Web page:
They will come — and could well include the words that Freitas hurled at Stewart.
Kaine, seeking a second term in the Senate, may have a niceguy image, but he is skilled at wielding a rhetorical knife. Kaine can overdo it — as he did as the Democratic vice presidential nominee in 2016.
In a televised debate with Mike Pence at Longwood University in Farmville a month before the election, Kaine channeled Trump, hammering Pence with a stridency apparently intended to draw the sharpest contrast between the Republican and Democratic tickets. Instead, Kaine came across as an overcaffeinated, uncouth brute.
For Republicans, incredible, if not incredulous, criticism of Kaine may be their only weapon. Because if none of the three Republicans can defeat Kaine, each will still try to ding him, drawing on a shared but varying talent for being provocative.
Stewart’s, however, seems boundless.
He has even set up as a straw man one of Kaine’s sons, Woody. Stewart trashed the younger Kaine as a member of the protest group Antifa because he was sentenced to a year of probation and fined $236 for resisting arrest after disrupting a Trump rally in Minnesota — Stewart’s home state.
Because Kaine, running in a blue-trending state, is well known and popular, his seat is a stretch for Republicans. Their best opportunities for protecting, if not improving, their Senate majority are in the 10 Trump-carried states where Democratic senators are standing for re-election, including next door, in West Virginia.
That means, when it comes to cash, staff and services, the Republican candidate in Virginia could be on his own.
The National Republican Senatorial Committee, campaign arm of the Senate GOP caucus, is unlikely to throw much, if any, money at the nominee here.
And if it is Stewart — no fan of the party hierarchy and it no fan of his — he would probably have to make do with his own pool of donors.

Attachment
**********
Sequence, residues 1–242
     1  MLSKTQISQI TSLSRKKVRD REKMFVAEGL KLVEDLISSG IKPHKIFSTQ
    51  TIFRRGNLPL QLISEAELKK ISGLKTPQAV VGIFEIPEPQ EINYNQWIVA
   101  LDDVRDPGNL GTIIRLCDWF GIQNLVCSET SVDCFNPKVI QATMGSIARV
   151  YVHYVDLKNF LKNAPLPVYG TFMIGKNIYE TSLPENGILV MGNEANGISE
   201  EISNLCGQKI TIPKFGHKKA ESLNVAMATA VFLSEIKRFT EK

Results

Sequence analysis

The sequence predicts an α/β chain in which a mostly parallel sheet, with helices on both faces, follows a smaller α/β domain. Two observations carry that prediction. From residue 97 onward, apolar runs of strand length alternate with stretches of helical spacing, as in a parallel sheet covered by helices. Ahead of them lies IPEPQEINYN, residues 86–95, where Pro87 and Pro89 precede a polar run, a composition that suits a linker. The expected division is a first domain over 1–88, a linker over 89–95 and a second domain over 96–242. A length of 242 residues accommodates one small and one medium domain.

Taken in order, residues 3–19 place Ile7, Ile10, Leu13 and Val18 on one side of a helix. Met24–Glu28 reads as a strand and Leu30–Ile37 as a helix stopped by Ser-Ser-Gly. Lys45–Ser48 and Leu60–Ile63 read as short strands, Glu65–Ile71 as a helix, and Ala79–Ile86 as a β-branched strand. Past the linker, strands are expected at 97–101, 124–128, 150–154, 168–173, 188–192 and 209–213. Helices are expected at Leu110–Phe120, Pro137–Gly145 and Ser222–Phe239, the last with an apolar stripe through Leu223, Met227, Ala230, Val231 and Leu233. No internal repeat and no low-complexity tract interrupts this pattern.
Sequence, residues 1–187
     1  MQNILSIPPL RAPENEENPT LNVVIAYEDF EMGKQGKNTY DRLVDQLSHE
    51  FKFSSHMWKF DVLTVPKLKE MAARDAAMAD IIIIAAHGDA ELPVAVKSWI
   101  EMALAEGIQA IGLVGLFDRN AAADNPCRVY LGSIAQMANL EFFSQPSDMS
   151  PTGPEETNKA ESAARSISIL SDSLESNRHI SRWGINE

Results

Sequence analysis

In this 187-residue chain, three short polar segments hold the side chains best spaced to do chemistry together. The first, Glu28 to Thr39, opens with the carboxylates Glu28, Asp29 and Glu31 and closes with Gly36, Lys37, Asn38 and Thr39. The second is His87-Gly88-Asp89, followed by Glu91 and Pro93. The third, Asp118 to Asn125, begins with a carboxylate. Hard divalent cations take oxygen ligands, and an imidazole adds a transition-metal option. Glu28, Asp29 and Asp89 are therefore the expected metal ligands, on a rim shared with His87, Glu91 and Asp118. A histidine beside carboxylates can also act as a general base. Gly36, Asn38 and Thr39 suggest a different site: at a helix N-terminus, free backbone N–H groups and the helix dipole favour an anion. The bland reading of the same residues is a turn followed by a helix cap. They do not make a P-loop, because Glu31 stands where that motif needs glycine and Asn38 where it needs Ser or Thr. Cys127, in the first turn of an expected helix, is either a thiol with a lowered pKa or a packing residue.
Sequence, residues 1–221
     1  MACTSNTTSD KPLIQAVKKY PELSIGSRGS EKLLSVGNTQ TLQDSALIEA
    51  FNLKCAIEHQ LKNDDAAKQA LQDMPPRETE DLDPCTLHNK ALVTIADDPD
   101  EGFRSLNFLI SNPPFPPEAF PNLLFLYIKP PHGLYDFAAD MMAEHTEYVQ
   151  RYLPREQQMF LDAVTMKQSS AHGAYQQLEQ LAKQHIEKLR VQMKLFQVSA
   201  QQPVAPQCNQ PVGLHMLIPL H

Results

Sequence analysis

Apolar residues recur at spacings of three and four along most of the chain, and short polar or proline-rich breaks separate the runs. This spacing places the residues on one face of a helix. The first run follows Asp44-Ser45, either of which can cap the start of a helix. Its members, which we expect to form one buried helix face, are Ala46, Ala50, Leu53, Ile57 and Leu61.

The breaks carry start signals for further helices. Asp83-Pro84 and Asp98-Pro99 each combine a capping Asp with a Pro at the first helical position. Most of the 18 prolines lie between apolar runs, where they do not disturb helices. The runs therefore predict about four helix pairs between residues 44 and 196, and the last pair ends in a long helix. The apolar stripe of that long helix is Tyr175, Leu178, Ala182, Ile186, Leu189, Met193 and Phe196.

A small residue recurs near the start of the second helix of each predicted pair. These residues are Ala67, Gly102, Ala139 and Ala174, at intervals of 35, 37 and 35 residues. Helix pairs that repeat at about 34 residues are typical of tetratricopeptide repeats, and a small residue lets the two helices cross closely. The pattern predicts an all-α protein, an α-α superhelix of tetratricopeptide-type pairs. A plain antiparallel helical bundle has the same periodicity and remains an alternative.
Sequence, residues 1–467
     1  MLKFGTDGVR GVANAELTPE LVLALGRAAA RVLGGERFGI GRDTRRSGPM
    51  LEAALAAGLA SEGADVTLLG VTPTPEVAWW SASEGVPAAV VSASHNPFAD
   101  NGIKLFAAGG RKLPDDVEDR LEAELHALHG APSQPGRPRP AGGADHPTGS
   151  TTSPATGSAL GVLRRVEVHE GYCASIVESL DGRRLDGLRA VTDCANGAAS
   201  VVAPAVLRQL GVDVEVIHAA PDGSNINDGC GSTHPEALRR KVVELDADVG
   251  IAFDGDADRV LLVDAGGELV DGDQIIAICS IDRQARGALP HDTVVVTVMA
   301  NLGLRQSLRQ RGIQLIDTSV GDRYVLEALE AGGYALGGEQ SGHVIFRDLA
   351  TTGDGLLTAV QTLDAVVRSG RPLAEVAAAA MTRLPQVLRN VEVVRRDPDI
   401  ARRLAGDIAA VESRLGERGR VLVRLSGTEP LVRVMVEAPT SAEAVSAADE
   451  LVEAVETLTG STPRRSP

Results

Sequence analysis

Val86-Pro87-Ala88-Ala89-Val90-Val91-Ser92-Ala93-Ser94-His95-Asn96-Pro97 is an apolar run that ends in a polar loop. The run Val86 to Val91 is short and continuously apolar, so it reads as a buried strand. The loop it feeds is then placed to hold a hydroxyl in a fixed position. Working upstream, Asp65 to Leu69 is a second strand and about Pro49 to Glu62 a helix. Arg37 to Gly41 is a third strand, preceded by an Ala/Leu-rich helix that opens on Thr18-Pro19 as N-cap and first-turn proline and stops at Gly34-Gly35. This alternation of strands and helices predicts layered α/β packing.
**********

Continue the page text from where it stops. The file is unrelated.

Indeed, traditional sources of Republican funds — the America Liberty PAC of Sen. Rand Paul of Kentucky and the Koch brothers-backed Americans for Prosperity — are breaking to Freitas, so far spending $362,000 in his behalf on advertising, canvassing and telephone banks. Freitas also has been endorsed by the National Rifle Association, renowned for its nimble voter-contact program.
Such support is supposed to graft Establishment legitimacy to Freitas, a two-term member of the House of Delegates who initially distinguished himself as a candidate with a decidedly un-Establishment, if not Stewart-esque, floor speech in the closing days of the winter session of the General Assembly.
In remarks that went viral and got him face time on Fox News, Freitas — speaking shortly after the mass shooting at a Parkland, Fla., high school — offered an unyielding defense of gun rights. He also decried abortion as contributing to the breakdown of families and linked the Democratic Party to Southern segregationists it repudiated long ago.
If he didn’t learn then, Freitas is learning now that you can’t out-Stewart Stewart.
Corey Stewart, who is seeking the GOP nomination to challenge Democratic Sen. Tim Kaine, held a roll of toilet paper outside the state Capitol while he derided Republicans who supported Medicaid expansion.